The Honolulu Museum of Art mourns the loss of former museum trustee Wesley T. Park, a great man and arts supporter, who died on July 14. After serving on the museum board of trustees for 34 years, he became an emeritus trustee in 2015. (He is pictured above at his home in 2016.)

“Wesley made a mark on the museum with his unique perspective, keen sense of troubleshooting and giving heart,” says HoMA chair Kitty Wo. “Many sought his advice and council—the museum benefitted greatly having him as a dedicated trustee.”

Park’s long history with the museum began when he was just a boy. “I first learned about the museum in second grade, when I attended Lincoln Elementary—which is now the museum’s Art School—in the 1940s,” Park said in 2011 when asked why the museum is important to the community. “I was motivated by all the artwork and returned many times with various classmates.”

After serving in the military, Park realized he didn’t know much about his Korean heritage. “I was raised mostly by Polynesians,” he explained. “The museum helped me again—the director even took me to the basement to show me all the Korean works in storage. After that, I became interested in collecting Korean art and started reading books on the subject. The museum has played a huge role in my education and my life.”

In the meantime, Park, who battled polio as a child growing up working class in urban Honolulu, applied his innate business smarts to become known as a turnaround king, transforming businesses and nonprofits such as Hawaii Dental Service and Lili‘uokalani Trust from troubled to thriving. The disarmingly straight-talking, no-pretentions Park (his pithy, and hilarious, wisdom is collected in two books) also served as dean of the University of Hawai‘i’s College of Continuing Education and vice president of the East-West Center, and was a consultant with First Hawaiian Bank.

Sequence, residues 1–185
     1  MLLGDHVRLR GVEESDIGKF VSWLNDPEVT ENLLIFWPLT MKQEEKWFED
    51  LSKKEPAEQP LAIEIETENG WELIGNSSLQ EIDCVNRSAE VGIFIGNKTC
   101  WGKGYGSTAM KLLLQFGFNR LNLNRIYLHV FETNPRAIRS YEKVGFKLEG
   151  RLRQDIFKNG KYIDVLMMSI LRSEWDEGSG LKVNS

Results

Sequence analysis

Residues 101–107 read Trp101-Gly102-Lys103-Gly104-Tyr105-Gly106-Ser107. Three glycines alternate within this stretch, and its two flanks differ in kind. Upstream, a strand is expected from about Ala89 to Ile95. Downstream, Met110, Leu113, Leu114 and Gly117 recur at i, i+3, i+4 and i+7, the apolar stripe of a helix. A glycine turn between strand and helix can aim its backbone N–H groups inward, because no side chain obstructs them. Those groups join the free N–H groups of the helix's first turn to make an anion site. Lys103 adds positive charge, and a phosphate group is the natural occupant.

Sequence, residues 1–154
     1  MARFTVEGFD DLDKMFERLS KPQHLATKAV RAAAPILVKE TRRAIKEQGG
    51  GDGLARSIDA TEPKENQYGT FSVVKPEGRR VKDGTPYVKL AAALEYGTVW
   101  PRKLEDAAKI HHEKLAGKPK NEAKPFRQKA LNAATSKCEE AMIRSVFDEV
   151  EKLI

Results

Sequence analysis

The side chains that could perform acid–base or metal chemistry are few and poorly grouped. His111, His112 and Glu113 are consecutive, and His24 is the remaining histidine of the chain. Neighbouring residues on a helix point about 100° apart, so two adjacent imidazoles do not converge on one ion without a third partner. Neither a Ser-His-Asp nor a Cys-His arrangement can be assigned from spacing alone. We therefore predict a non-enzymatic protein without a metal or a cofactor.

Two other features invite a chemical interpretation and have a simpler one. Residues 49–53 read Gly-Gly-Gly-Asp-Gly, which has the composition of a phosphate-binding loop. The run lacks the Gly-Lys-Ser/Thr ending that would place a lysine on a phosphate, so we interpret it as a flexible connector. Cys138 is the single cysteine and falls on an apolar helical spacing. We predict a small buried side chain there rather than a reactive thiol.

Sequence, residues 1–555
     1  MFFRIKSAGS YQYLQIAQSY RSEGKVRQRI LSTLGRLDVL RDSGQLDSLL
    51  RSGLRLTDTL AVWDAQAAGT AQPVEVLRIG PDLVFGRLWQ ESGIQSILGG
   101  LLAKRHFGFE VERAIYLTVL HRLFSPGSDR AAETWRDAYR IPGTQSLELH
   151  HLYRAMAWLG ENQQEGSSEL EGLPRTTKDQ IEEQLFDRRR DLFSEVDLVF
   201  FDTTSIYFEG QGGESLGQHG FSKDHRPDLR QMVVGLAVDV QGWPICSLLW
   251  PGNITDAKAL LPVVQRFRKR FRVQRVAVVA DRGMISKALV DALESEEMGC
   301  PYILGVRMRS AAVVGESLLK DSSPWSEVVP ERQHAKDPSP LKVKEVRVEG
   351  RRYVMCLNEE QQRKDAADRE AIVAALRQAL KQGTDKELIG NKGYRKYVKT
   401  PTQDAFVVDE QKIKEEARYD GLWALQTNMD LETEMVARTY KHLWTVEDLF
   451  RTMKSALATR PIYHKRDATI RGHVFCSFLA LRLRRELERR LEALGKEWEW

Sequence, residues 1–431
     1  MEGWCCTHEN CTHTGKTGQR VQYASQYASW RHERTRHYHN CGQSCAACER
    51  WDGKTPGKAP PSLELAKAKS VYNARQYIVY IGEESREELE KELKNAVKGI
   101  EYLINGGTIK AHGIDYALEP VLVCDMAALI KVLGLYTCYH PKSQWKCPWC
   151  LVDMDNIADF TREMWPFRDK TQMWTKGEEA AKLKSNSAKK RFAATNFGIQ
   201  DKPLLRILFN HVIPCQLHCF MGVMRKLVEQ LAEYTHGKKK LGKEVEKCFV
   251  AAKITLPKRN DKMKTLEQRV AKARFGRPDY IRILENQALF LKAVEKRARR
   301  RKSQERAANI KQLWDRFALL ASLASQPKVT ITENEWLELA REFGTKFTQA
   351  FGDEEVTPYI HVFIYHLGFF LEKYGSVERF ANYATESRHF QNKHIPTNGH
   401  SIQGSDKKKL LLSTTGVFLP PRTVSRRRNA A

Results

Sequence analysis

In 1981, Park started to play a huge role in the museum’s life when then museum chair Sam Cooke invited his good friend to join the board. His impact was immediate.

“I needed his profound judgment and I needed a representative of that part of the community, which [the museum] had never seen before,” Cooke told the HoMA blog in 2015. “The first thing Wes did for me was take me through the museum and tell me that it was a lovely museum but was way behind the times in physical terms. He suggested that we put in a new floor, put air conditioning in the galleries, and install security measures in each gallery.”

Park’s advice planted the seed for what would become the museum’s Renaissance Campaign, launched in 1997 to raise $30 million to address his suggestions and modernize the institution. Forever after, when Cooke saw improvements at the museum, he thought of Park.

Wesley Park with his good friend and fellow museum trustee Sam Cooke in 2015 at an event celebrating their retirement from the board to become trustee emerita.

Wesley Park with his good friend and fellow museum trustee Sam Cooke in 2015 at an event celebrating their retirement from the board to become trustees emeriti.

Park served on the board Nominating and Collections committees, and made it a mission to carry forward the art inspiration the museum instilled in him. “Wesley was truly an art lover, educating and inspiring many of his friends to appreciate art and to support local artists,” says fellow trustee Donna Tanoue.

In addition to collecting Korean art, Park was a champion of Hawai‘i artists, collecting contemporary works by such luminaries as Satoru Abe, Bumpei Akaji and John Koga.

“He was a super strong supporter of the arts in a very humble way,” says Koga. “Whenever I got a call from Wesley to go to lunch he was generous with his time and humor. I’ve been very blessed that he was a collector of my work but it was more about our relationship that was endearing and meaningful. He was blessed with good fortune, but never took anything for granted in his approach to and understanding of people and art. He understood the value in having art—it wasn’t an extravagance, but something to be enjoyed as part of life. That is a real gift. To be part of their family collection is an honor.”

The museum sends its deepest condolences to Park’s wife Daphne, his sons Wintehn and Ku‘uhaku and the entire Park family.


Photos: Shuzo Uemoto